The concept of postseason playoffs in sports is as American as apple pie…perhaps more so since apple pie is kind of out. Baseball, football, basketball and hockey all enjoy a playoff system that may not be totally fair to all the teams all the time, but it’s hard to argue that the teams that make it to the championship don’t deserve to be there.
For America’s fastest growing sport however, the playoffs have people feeling as if they’ve just paid to watch a full-scale circus show and are getting the bearded lady sitting on a stool instead.
Indeed, the MLS playoffs have been a complete sham to the fans. The MLS is still happy as they still have marketable players and large television markets in the fold, but it begs to be answered just what the regular season was for when the teams who earned top seeds were simply dusted aside.
Let me just address the issues I already know will come about by making these accusations. I’ve heard, “Well other sports have wildcard teams win. The St. Louis Cardinals won the World Series a year ago and everyone was happy, and they didn’t deserve to be there.”
This is a good comparison, as MLB is structured similar to the MLS. The regular season begins about the same time, in late March or early April, and runs to October. Although the MLS obviously doesn’t play as many games, they play several, enough to where the regular season takes a grueling toll on the players and brings out their chemistry and determination to overcome bad games and streaks to really find out who the best teams are.
But then the playoffs start, and that’s where the similarities end.
Baseball added a new “play-in” wildcard game, meaning technically 10 teams overall get in. This is the same amount of teams that made the 2012 MLS playoffs, but the difference is that MLB has 30 teams…MLS has 19.
That’s 33.3% of the teams in MLB having the chance to win the World Series. Over 50% of MLS teams had a chance to raise the cup.
Watering down the accomplishments of teams who have played seven months of soccer isn’t fair on the surface, but this is just the beginning. To make things worse, following the MLS wildcard series that has the 4th and 5th place teams play an elimination game, the winner of that then gets to host the best team in the division in a two game aggregate-goal series. The idea is that the higher seed will return to their home stadium with a good idea of what they will have to do to win the series.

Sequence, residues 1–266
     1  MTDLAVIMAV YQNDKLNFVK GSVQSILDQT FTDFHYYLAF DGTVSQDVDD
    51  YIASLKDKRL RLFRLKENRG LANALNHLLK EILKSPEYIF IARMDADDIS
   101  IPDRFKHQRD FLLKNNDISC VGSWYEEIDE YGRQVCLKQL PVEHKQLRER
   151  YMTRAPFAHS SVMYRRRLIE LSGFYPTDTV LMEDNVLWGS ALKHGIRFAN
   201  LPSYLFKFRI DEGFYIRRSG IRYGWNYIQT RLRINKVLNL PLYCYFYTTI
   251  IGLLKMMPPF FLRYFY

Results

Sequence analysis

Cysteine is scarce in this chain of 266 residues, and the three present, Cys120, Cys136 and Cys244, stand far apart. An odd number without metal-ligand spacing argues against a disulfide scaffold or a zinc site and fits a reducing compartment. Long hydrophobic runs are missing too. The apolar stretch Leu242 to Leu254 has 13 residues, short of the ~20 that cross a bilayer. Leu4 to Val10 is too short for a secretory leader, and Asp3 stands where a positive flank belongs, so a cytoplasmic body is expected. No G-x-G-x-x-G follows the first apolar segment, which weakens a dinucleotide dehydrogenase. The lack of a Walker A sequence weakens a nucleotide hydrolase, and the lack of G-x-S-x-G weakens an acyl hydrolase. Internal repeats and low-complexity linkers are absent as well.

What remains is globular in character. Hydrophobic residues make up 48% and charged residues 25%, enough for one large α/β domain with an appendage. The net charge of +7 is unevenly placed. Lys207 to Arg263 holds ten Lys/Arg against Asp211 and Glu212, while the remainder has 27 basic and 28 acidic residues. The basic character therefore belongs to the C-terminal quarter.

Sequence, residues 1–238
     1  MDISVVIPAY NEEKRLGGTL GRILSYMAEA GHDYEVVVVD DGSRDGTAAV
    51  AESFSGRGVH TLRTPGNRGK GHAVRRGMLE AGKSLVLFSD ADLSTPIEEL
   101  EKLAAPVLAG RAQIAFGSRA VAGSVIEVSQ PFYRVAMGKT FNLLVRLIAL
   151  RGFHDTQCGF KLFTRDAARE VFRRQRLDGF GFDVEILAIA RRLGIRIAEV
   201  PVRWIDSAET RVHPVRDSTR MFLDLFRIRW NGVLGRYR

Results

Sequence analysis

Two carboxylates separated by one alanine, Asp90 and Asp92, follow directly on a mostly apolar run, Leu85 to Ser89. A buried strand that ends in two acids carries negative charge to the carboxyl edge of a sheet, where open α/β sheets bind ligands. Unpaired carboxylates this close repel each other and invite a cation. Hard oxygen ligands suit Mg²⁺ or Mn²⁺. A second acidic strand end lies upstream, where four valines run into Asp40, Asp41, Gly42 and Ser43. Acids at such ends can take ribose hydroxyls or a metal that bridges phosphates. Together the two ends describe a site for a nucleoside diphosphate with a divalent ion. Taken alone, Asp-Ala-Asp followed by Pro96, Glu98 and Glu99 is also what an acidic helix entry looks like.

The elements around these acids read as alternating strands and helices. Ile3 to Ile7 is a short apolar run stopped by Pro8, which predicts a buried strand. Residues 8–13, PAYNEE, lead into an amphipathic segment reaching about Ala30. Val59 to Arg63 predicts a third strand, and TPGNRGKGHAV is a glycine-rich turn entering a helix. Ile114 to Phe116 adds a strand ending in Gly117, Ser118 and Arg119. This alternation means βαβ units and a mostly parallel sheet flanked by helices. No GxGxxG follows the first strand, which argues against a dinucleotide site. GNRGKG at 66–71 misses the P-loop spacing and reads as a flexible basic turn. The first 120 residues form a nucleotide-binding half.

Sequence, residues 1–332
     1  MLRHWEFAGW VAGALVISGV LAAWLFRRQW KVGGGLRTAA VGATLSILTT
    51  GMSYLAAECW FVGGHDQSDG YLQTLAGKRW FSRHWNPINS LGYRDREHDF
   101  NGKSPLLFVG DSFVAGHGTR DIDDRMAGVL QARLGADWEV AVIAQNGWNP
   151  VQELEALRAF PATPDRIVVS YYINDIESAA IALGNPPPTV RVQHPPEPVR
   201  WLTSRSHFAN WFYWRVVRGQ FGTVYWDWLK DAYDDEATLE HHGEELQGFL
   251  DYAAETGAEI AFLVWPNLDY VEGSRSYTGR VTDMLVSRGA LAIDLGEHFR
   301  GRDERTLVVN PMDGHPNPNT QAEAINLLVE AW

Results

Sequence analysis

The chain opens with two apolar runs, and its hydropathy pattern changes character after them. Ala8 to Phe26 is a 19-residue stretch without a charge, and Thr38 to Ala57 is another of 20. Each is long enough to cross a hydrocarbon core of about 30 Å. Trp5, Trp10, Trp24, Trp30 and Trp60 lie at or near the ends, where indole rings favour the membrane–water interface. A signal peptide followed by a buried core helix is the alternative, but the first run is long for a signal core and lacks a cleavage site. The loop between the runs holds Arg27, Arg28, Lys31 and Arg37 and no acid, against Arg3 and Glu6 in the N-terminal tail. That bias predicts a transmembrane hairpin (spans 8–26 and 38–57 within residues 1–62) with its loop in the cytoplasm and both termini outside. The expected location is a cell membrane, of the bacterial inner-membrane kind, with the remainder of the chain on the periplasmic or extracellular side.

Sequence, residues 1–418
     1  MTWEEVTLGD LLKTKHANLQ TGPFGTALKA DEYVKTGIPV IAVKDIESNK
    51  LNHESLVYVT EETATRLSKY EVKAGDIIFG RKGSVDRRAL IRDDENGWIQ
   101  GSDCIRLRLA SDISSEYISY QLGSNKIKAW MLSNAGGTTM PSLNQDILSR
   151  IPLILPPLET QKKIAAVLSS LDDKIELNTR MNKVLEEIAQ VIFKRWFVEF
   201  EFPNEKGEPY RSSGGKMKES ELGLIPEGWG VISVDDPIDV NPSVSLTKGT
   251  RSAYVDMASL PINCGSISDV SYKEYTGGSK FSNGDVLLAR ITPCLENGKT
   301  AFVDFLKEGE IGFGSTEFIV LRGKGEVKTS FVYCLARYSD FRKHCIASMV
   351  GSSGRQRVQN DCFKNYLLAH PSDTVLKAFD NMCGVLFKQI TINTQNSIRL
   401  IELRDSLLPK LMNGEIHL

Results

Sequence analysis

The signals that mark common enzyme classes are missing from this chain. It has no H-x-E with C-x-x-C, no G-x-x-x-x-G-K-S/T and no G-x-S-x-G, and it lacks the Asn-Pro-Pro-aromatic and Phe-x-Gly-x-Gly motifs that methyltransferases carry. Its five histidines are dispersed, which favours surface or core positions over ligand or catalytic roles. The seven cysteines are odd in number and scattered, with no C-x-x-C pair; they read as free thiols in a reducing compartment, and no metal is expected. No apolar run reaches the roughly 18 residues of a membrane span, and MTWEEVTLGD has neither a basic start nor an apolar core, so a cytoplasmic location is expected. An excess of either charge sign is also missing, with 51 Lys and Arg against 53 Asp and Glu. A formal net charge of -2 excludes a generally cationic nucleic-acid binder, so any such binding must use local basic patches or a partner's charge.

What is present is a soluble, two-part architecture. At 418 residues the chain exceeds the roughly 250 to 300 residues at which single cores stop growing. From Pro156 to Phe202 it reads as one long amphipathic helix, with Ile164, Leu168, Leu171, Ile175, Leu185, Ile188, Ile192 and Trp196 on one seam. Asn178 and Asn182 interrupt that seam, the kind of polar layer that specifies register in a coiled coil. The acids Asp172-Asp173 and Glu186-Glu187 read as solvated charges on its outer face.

But this is not at all what happens. Taking the best team in a particular division and putting them on the road right off the bat has proven to be a terrible concept. The lower rated team gets to deliver the first blow, and in the case of the 2012 playoffs, have effectively ended the series on momentum in the first game, without the top seed getting any kind of advantage. Often times the lower seeded team is coming in with a ton of momentum, needing to get hot at the end of the regular season to even make the playoffs. Then they get to host the best team in the division.
Indeed, both top seeds in the Eastern and Western divisions, Sporting Kansas City and the San Jose Earthquakes, were knocked out in the first series. Kansas City was thrown in Houston to the bottom seed Houston Dynamo, who won the first leg 2-0 and essentially got to sit back and play defense to totally invalidate Kansas City’s regular season.
Although San Jose was able to win 1-0 at the Home Depot Center against the Los Angeles Galaxy, they lost their first of five games against them to get knocked out themselves.
And then just last night, that same Galaxy team who won the wildcard game, got to use their home game and the momentum that comes with it to dash the hopes of the Seattle Sounders 3-0. Seattle technically has homefield advantage in the series, but is almost certainly eliminated before even getting their home game.
Even former MLS great Taylor Twellman weighed in on his Twitter account on Sunday night following the Seattle loss:
“Interesting anti climatic leg 1 that was. Sorry to harp on @mls playoff schedule but its plain as day something needs to change.
#LAvSEA” – @TaylorTwellman
The bottom line is this; to me, San Jose are the MLS champions. Period. They earned their championship with a hard fought regular season, and deserve the credit. The idea that Houston can end up being called the MLS champion is absurd and I feel that most fans (outside of Houston of course) feel the same.
Until some way to actually pair the best teams in soccer for a championship occurs, the MLS playoffs are a complete joke and have no bearing on who the champion is in my book, regardless of what’s “official.”